The inherently flexible technology allows the representative to choose from a raft of e-Detailing material, from fully interactive multimedia presentations to PowerPoint or simple PDF data sheets, to meet the needs of diverse opinion leaders based on both role and drivers. The availability of CRM applications on the tablet has fundamentally changed the dynamic of customer interaction. When you add this detailing support to the benefits that are already being attained from real-time access to CRM information on the move, suddenly the pharmaceutical companies can finally see the chance to realize a 20-year old vision.
The timing for mobile CRM could not be better. There is a rapidly changing customer base, with another new set of customer types. Yet opportunities to interact with new stakeholders are as rare as hens' teeth right now--individuals need to be as well prepared as possible through excellent background research and understanding. Representatives have evolved into key account managers (KAMs) who need to be incredibly well informed about local influencers, strategy and KOLs. And they need to be flexible: even when a KAM gets an appointment there is no guarantee in this constantly evolving and ever changing NHS that the meeting will go ahead with the contact with whom it was booked. Never before has a representative needed more access to information or to feel confident that information is up to date.
Across Europe too, the landscape in mobile CRM and rep interaction is changing with the approach to accessing key decision-makers equally as important as the mobile technology used to plan and execute the meeting. Take for example, Spain - policies to mitigate healthcare costs by enforcing generic prescriptions dominate the country's highly fragmented market. Thus, it is essential for pharma and biotech companies to gain a more valuable understanding of the new matrix of decision makers that operate at both national and regional levels. Competitive companies are leveraging the advantage of flexible CRM solutions to quickly enhance market access strategies and streamline commercial team operations in a globally cost-controlled industry.
Similarly in Portugal, breakthrough CRM solutions are the defining force in the country's two-tier healthcare structure in which a limited number of physicians must prescribe medications from cost containing formularies. As a result, companies continue to seek revolutionary solutions that drive sales force innovation and maximize efficiency by quickly adapting to an evolving healthcare structure and providing real-time analysis of a commercial team's performance.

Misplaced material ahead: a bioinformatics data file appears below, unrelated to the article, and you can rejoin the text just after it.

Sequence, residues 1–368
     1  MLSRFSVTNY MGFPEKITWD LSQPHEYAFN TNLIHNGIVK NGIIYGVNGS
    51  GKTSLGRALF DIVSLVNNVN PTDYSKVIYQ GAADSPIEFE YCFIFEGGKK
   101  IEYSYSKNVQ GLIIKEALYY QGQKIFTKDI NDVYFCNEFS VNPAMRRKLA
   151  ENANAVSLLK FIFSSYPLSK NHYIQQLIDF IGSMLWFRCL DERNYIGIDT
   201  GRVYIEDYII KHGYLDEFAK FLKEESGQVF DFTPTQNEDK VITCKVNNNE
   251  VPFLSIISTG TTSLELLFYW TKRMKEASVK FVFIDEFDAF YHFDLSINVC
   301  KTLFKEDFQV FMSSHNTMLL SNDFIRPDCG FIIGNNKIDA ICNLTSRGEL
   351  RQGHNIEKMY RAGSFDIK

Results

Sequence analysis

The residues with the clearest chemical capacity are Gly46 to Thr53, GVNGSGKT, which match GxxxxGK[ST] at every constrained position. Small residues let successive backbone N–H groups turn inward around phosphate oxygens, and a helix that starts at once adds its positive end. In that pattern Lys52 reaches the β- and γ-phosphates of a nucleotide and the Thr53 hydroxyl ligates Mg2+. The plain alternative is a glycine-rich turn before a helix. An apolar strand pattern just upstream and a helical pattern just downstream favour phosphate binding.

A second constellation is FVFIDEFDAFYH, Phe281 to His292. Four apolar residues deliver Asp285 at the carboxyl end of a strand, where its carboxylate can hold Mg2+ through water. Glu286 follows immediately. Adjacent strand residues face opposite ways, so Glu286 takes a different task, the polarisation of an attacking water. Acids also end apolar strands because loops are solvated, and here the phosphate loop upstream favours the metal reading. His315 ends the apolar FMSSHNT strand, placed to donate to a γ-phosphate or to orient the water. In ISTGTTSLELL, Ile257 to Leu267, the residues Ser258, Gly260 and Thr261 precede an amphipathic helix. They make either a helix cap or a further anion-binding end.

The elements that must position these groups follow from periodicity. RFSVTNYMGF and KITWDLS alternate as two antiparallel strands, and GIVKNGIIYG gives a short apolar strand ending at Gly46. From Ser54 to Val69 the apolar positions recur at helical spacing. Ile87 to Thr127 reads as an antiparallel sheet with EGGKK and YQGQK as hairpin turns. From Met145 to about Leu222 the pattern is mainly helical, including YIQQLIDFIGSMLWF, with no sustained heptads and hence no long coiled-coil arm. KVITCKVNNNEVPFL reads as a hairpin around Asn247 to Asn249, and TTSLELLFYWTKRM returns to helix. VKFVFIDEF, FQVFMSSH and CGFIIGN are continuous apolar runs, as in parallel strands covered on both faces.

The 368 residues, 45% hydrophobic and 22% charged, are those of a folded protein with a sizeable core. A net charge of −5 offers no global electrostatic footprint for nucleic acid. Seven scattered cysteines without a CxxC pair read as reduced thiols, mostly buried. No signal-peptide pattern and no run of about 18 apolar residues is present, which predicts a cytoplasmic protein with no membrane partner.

A complete view of customer interactions through instantly accessible, real-time data enables companies to better leverage key relationships and more effectively manage commercial teams. Furthermore, governance over commercial teams and enhanced stakeholder targeting makes for sustained and long-term growth.
Inherently, life sciences commercial teams across the globe are now a mobile force interacting with their stakeholders on a daily basis. Consequently, the need for proven mobility tools that are intuitive, fast and that enhance interactions with healthcare professionals is considered a necessity rather than a luxury in today's environment.
With the raft of mobile devices now available with their instantaneous access to almost anything, individuals can always track down the latest research on an organization or individual; they can use the CRM system to track interactions across KOL networks; and they can use tools such as Near Me, which provides a graphical view of individuals locally who could fit in with the call plan to maximize productivity. They can also collaborate effectively across the team--sending requests for additional information, such as research studies, direct to the relevant team member whilst in a meeting with the customer.
This dovetailing of demand with technology is driving significant adoption rates for mobile CRM, with pharmaceutical companies developing ever more innovative solutions that include e-Detailing and multimedia interaction with healthcare professionals. Critically, there is real commitment from the field force to use these CRM systems because they are gaining quantifiable value from the information.
No longer do pharmaceutical companies have to bend activity to fit the technology: the mobile technology is available, the CRM solutions are in place and, critically, the field force is skilled and comfortable. The market has finally reached this perfect storm--all the components of mobile CRM are now in place to realize the pharmaceutical company vision of a highly productive, totally mobile field force.
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|Date:||Jan 1, 2012|